You had to know it would happen sooner or later. Michigan redshirt freshman Steve Breaston had been on the verge of taking a punt return to the house all season. The lighting-quick receiver/return specialist even had a touchdown return called back because of a penalty during the Houston game.

Mira Levitan
En route to his 68-yard touchdown punt return, Michigan wide receiver Steve Breaston splits Indiana safety Buster Larkins and linebacker Josh Moore before outrunning them to the endzone. (RYAN WEINER/Daily)

Breaston caught Indiana’s second punt of the game in the first quarter Saturday, an Indiana player wrapped him up immediately, and it looked like Breaston was going nowhere.

Breaston had other plans, though. He simply shook off the tackler, weaved his way downfield and outraced everyone to the endzone.

The 69-yard touchdown run was Michigan’s longest punt return since Charles Woodson ran one back 78 yards against Ohio State in 1997. A Michigan player hadn’t scored on a punt return since 2001, and even then, Michigan’s two touchdown returns came after the punts were blocked.

Breaston’s return, which brought some excitement to an otherwise unremarkable game, got the Wolverines rolling after the offense had turned the ball over on its first two possessions.

And Breaston is multi-talented. Besides leading the team in return yards (316), the 6-foot-1 Pennsylvania native has become one of Michigan’s top receivers. On Saturday, he caught a 20-yard touchdown pass, and even ran the ball twice. This came after Breaston had two touchdown receptions against Oregon, including a spectacular 36-yard catch in the fourth quarter.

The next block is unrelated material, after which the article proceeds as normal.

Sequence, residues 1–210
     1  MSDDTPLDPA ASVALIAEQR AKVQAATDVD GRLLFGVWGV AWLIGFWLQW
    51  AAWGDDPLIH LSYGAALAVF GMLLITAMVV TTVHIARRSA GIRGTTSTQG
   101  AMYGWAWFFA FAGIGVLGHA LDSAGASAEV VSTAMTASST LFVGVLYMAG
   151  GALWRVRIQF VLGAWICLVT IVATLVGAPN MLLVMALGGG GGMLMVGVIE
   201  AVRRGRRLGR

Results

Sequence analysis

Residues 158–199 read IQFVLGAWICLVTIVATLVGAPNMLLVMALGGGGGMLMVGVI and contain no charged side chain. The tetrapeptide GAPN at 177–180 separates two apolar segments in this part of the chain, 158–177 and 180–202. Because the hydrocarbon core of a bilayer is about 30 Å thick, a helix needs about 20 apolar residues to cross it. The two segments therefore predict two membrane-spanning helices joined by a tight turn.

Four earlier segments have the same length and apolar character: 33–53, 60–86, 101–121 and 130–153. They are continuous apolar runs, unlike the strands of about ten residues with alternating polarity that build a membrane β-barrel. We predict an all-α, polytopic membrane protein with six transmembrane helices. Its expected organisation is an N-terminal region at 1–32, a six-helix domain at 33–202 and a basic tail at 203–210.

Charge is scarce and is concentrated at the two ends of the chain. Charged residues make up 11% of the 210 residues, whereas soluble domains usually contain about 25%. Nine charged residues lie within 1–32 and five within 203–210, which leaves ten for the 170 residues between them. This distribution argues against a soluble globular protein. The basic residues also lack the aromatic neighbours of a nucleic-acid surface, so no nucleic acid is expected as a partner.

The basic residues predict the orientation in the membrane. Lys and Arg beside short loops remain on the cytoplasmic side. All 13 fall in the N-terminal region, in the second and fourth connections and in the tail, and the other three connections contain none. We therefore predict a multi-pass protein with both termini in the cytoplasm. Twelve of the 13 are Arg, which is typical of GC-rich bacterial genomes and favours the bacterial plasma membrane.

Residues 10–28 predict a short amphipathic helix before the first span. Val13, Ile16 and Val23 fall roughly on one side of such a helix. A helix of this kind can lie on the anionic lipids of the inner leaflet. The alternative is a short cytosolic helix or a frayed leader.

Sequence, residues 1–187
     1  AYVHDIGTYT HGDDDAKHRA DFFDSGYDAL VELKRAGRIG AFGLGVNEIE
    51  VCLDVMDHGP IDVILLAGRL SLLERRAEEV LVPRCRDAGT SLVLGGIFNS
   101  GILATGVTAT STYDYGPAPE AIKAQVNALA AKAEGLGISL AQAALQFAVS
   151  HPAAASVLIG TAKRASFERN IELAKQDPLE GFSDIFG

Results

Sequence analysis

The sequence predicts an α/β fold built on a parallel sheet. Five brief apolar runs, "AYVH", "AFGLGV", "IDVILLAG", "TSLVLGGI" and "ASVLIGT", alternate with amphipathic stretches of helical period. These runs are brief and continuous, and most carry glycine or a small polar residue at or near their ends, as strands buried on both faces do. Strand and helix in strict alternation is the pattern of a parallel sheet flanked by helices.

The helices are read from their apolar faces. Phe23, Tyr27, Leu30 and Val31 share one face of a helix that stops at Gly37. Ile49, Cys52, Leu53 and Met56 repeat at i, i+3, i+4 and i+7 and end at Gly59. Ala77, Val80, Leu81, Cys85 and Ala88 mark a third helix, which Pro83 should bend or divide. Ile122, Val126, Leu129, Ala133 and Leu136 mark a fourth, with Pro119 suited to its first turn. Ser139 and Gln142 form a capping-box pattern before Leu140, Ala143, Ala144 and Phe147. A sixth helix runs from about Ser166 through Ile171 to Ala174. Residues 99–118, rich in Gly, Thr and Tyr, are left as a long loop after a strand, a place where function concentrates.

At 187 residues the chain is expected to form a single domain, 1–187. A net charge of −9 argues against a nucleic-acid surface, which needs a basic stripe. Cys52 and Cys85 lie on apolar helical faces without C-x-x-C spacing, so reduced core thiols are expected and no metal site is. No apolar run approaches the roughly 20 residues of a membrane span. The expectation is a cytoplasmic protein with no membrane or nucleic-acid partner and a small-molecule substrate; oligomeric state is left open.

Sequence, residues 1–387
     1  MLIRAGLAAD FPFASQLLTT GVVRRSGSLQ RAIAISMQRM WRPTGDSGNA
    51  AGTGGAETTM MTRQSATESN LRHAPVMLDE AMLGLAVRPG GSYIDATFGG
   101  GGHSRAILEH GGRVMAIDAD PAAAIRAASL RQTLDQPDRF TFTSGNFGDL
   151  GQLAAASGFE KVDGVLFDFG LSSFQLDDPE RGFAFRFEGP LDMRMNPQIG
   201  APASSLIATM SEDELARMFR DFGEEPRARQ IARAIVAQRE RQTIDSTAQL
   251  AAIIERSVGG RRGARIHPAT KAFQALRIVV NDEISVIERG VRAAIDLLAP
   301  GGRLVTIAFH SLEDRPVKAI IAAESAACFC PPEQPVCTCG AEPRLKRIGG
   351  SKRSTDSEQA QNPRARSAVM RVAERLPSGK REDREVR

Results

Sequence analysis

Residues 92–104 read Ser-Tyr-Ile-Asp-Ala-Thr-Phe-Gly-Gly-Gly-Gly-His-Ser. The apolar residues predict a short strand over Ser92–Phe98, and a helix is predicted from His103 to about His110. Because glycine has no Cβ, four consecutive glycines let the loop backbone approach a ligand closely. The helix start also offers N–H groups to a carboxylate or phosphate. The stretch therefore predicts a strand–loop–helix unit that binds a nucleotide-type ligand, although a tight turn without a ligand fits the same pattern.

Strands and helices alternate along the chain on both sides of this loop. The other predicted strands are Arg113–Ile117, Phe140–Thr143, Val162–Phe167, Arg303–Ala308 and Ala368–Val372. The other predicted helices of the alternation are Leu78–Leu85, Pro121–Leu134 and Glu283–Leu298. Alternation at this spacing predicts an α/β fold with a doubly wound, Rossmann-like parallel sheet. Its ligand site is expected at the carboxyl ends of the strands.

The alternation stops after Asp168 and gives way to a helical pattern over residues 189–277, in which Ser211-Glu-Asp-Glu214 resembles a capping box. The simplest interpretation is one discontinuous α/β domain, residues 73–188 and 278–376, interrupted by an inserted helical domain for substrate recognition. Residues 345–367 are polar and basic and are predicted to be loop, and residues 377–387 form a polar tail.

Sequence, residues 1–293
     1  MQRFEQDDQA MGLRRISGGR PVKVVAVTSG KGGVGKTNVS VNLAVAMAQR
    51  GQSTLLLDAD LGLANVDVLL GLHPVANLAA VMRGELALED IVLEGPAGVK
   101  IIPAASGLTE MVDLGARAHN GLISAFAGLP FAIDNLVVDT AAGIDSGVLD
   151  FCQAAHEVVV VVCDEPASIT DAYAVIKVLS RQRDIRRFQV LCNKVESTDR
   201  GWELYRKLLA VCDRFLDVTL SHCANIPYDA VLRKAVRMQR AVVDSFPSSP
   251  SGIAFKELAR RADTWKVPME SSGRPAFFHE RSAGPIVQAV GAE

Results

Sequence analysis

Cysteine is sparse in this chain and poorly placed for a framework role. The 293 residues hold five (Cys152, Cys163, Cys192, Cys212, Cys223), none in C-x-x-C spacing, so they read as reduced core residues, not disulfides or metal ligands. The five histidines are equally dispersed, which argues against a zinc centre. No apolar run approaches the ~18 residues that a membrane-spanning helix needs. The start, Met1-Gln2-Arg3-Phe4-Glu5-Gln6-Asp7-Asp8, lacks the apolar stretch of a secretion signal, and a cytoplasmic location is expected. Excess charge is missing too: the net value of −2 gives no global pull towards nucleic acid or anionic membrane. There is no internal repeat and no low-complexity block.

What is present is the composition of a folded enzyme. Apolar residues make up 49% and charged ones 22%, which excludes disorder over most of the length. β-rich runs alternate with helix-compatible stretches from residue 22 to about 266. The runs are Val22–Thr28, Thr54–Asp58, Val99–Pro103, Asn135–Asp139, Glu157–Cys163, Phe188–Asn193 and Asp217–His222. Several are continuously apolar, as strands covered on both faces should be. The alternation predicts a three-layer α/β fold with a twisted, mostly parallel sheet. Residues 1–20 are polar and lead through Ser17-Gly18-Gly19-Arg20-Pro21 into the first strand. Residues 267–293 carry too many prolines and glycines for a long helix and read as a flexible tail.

“He is the kind of guy who really wants to be the best,” Michigan coach Lloyd Carr said. “He has an attitude that, in my opinion, will allow him to reach his potential. He is very coachable – he listens to everything you say.”

The soft-spoken Breaston said that’s what has helped him excel.

“Everything in life is a learning experience,” Breaston said. “You have to listen to your teachers, listen to your parents. They’ve been through that stuff before, and all they’re there for is to help you. Just like coaching – (the coaches) are my parents on the field. They’ve seen a lot of stuff, and they know a whole lot more than me. I just take coaching because it’s going to make me better as a player.”

Safety Marlin Jackson, also from Pennsylvania, called Breaston a “special player.”

“I always told everybody, since he got here, that he was going to be that good,” Jackson said. “Nobody wanted to listen to me.”

Now, people are seeing for themselves.

Back from the dead: Michigan shut down Indiana’s offense in the first half, holding the Hoosiers to 57 yards and an average of 1.5 yards per play. But Indiana found a way to run the ball in the second half. The Hoosiers began the third quarter with a 72-yard drive that lasted 8:40 and gained 152 yards in the half.

That may not bode well for the Wolverines, who face Fred Russell and the Iowa Hawkeyes this week. Russell, the second-leading rusher in the Big Ten behind Michigan’s Chris Perry, has 616 yards and three touchdowns on the season.

Last season, Russell carried 20 times against Michigan and finished with 28 yards.

Injury update: Defensive end Larry Stevens and safety Ernest Shazor did not play Saturday, but Carr said he expects both to return next week against Iowa. Stevens injured his left foot against Oregon, and Shazor didn’t play because of a wrist injury. Jacob Stewart returned from a leg injury and started in Shazor’s place. Defensive end Jeremy Van Alstyne left the stadium wearing a knee brace and using crutches after the game. Carr said he was “optimistic” about Van Alstyne’s injury.





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